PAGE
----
A £1million pot of savings – whether a retirement pot or my super salary pot – does need managing so that it doesn’t run out before say a 30-year period is up. However, there is a simple economic reason that having a lump sum of money to control offers more opportunity:

Money received now is worth more than the same amount received in future.

My 30 years of pay slips is similar to a typical retirement timeframe for example age 65 to age 95. The main difference is that my mega-salary is a pipe dream. Retirement with a £1million savings pot could be reality for many people. Having a lump sum of money at the beginning of a 30-year period could be more valuable than having that money drip-fed to you over 30 years (say with a final salary pension or annuity). That drip-fed money may have inflationary guarantees built in but invested sensibly and you have the chance, a high probability even, of exceeding inflation – not just matching it.

Many people see the benefit of doing more with their early retirement years. These are the adventures years, the time when you should have the most energy and are in good health. As time goes on you may want to do less and will naturally spend less. Having your retirement pay slips all at once gives you the flexibility to front load your lifestyle – spend more in your early retirement years than your later years. This is the opposite of what happens with a final salary pension or annuity – you will probably receive more in the later years than the early years. 

There is a conflict between wanting complete financial freedom and having the security of a pay slip or  guaranteed pension.

Financial freedom is the ability to spend our days doing mostly whatever we would like. But we would also like that freedom to be guaranteed. 

Perhaps we are a little bit afraid of freedom. Humans don’t seem to be good without boundaries. Children find security in life’s early rules – this is school time, this is mealtime, this is playtime, this is bedtime. 

We slip into routines because they are comfortable and safe. Work time, family time, leisure time, holiday time. Lunch is the same time every day. So are our other meals. We go to the gym at the same time. We go out for meals or get takeaways at regular times. We see family at regular times. Plus, or minus a few weeks we go on holiday at similar times of the year.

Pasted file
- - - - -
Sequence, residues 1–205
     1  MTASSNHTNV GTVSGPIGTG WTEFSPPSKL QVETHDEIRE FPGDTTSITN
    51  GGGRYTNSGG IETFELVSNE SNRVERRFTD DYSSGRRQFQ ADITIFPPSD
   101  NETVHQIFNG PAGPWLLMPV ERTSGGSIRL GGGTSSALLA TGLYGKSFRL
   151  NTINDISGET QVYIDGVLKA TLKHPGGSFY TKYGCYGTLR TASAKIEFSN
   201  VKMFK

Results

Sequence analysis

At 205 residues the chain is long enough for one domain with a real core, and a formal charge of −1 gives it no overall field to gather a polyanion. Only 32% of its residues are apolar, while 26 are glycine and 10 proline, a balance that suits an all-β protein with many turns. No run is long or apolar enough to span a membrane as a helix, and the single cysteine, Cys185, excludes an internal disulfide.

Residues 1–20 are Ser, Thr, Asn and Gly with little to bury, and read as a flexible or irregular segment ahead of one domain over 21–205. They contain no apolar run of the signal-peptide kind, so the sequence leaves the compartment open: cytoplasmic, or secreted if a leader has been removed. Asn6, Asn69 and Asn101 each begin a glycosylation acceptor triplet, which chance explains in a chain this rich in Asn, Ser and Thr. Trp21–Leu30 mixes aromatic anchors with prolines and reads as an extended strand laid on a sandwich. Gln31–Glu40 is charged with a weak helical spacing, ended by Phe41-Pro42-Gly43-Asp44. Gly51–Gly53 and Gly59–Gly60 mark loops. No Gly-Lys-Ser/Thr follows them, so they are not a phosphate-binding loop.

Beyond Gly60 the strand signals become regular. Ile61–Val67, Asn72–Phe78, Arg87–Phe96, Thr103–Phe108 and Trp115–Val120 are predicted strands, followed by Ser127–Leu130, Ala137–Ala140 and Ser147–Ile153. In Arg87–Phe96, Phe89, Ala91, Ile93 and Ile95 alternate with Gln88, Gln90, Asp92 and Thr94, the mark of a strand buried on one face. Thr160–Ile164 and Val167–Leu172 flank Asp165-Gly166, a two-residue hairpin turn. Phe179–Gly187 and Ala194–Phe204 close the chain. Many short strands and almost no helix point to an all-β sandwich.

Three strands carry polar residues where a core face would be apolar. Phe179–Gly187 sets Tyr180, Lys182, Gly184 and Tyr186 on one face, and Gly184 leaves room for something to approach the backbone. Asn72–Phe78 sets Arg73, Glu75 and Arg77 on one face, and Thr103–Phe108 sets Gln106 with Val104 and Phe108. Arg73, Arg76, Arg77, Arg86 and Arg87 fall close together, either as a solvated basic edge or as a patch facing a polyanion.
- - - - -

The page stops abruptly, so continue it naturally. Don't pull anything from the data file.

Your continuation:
We get used to the little packets of money every month.

Receiving a lump sum of money can feel like being dropped into the middle of the ocean and being told to find our way to land safely before we drown.

Given that we’ve all dreamed of it, how do we make having access to hundreds of thousands or even a few million pounds not seem terrifying when the day finally arrives but more like the opportunity it is?

Like most things that require a successful outcome, planning and being prepared is key.

Imagine you had to walk from London to Singapore. Would you do it without a map or a plan? A 30-year timeframe is a lot longer than that journey would take. You should probably also use a map and have a plan. At Capital as you know, this is exactly what we do. 

You don’t need to feel left out for not being part of the ‘guaranteed pension gang’. Your lifetime retirement savings give you a much bigger opportunity and with the right planning and guidance you can benefit from having all your pay slips all at once.

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1 thought on “All the Money, All the Time, All at Once – tradeoffs and decisions on the road to financial freedom.”

  1. Avatar

    If you boss had any sense he would use a discounted cash flow to calculate the amount handed over to you and then you would be in the lap of the inflation gods!